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Well I’m down to the wire with two schools still in the running and one big decision to make. Where am I going to medical school next year?

The truth is I’ve decided to take the easy way out and let the money decide. Before too long I will know what my financial aid packages will look like and how much debt I can expect to be in when I graduate (read, a whole, stinking lot) and whichever number is slightly less terror-inducing will be my school of choice.

For students with slightly more discerning tastes, however, there is Second Look.

source: PSD Detail

Second Look is a chance for prospective med students to return to whichever schools have accepted them and have a, you guessed it, second look around. It’s a more casual setting than the interview and the pressure to impress is mostly gone. Now it’s the school’s turn to make a pitch (not that they weren’t doing that during the interview, but the utter terror of the day can make it hard to pay attention.)

Really what Second Look ended up being was two days of meeting many many new people and not remembering a single name.

The first evening was a reception. We entered the front room of the medical education building to find it crammed with acceptees and current students. Everyone was already sectioned off into little groups surrounding a center table with snacks and water. It was hot in the room and there was little room to maneuver. If I hadn’t had a fellow postbac buddy I probably would have turned right around and left. (Small talk is not my forte.)

Eventually we migrated to larger room and sat at large round tables that might someday be our classroom. At one point the medical school acapella group (no, I didn’t know medical schools had acapella groups either) came out and sang a few songs. There was no real end the evening; we just chatted with the folks at our table until, bit by bit, the people in the room drifted off in search of a real dinner.

The second day was a bit more organized. For one thing we had name tags this time around, which made it a lot easier to keep track of who I had already met. They also had their pitch ready to go; we sat through two panels and a classroom simulation about handling a disaster situation.

In the midst of the second panel, one of the fourth year girls described all of the amazing experiences she’d had during her rotations and I had a moment where I felt almost disembodied from my experience. This has happened to me a number of times during the past two years when it really hits me all of a sudden that I am doing this…I am going to medical school. How utterly strange. How crazy I would have thought anyone who might have claimed that this would be my future. Whether I attended the school in question, or my other possible choice, I was really, truly going to be a doctor someday.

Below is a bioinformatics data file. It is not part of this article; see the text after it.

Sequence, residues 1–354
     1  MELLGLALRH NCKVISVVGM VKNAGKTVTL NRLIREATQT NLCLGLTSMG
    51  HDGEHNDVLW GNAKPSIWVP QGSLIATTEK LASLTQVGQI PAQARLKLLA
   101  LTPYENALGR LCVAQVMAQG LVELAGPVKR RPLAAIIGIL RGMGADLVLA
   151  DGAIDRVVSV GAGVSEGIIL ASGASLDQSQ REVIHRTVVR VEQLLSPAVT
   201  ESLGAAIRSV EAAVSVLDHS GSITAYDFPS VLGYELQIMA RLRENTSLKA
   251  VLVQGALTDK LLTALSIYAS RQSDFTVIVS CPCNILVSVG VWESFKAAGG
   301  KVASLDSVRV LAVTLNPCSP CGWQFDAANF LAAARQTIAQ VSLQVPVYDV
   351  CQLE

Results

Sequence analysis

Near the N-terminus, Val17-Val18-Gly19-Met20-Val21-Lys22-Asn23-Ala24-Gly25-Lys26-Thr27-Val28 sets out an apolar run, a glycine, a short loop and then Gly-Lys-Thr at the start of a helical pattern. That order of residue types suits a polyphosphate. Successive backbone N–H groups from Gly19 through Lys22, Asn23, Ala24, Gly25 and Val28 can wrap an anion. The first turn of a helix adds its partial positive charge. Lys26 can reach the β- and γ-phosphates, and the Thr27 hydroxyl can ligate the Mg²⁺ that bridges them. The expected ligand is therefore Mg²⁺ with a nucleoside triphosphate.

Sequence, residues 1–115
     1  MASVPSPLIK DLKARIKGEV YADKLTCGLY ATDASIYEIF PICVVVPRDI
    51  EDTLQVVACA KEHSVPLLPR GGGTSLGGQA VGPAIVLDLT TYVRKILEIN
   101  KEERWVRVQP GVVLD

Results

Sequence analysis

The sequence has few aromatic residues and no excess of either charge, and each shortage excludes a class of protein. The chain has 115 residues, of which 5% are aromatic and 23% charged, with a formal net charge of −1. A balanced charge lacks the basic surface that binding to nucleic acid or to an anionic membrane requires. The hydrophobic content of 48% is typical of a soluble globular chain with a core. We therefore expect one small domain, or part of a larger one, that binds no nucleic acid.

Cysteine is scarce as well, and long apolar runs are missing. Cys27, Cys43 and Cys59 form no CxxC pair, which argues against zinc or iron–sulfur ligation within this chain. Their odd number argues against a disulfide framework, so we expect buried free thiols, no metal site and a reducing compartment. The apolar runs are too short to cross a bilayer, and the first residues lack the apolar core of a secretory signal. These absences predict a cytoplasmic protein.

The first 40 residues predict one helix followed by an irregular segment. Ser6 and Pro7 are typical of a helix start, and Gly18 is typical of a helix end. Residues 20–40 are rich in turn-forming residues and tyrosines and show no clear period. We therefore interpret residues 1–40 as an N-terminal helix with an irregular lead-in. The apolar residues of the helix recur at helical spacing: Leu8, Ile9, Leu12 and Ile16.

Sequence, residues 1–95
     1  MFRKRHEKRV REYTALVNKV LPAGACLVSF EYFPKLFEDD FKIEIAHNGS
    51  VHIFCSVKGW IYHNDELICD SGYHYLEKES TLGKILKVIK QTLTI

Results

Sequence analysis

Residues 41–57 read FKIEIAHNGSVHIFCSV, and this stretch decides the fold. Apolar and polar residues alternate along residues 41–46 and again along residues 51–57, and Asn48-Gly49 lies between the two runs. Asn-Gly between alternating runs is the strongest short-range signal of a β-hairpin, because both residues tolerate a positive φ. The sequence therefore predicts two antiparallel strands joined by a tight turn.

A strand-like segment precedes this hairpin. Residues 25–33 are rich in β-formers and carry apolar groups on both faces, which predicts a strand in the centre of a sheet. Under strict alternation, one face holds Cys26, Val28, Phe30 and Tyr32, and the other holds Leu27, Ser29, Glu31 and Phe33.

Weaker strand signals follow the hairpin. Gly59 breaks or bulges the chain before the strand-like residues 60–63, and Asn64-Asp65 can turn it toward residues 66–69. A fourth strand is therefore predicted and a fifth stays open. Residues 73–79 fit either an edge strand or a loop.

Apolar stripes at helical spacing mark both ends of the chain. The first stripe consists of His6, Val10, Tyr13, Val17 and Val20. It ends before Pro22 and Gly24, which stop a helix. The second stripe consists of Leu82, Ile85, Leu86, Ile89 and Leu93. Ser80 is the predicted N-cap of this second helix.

So in some sense Second Look didn’t quite achieve its purpose. I have no clearer idea of where I want to be for the next four years, despite loving everything I heard about the school. But after nine months of feeling like I’m stuck in between steps, I’m starting to feel like maybe the race is on again. I can’t wait until August.


I never intended for my work at Planned Parenthood to become so central to this blog, but in light of a lot of recent controversy I wanted to add some facts to the discussion.

You see, I was confused when all of this talk began about the government mandating a transvaginal ultrasound prior to an abortion. I was confused because for the past year and a half I had been checking the box marked “Ultrasound for pregnancy dating” on the list of procedures my counseling patients had gone through. I had watched patients waiting to empty their bladders before having the ultrasound (because that is necessary for a clear image.) I even had one patient shudderingly tell me how she had invited her husband in, expecting the more tradition ultrasound, only to have to tell him to close his eyes when the wand was inserted.

The clinic has been doing two transvaginal ultrasounds as a matter of course; once prior to the abortion and once at the two week follow-up to make sure the contents of the uterus had been removed successfully. They have not been doing this out of malice or a desire to sway their patients toward keeping the pregnancy. They were doing it because the doctors who worked at the clinic felt that it was medically necessary.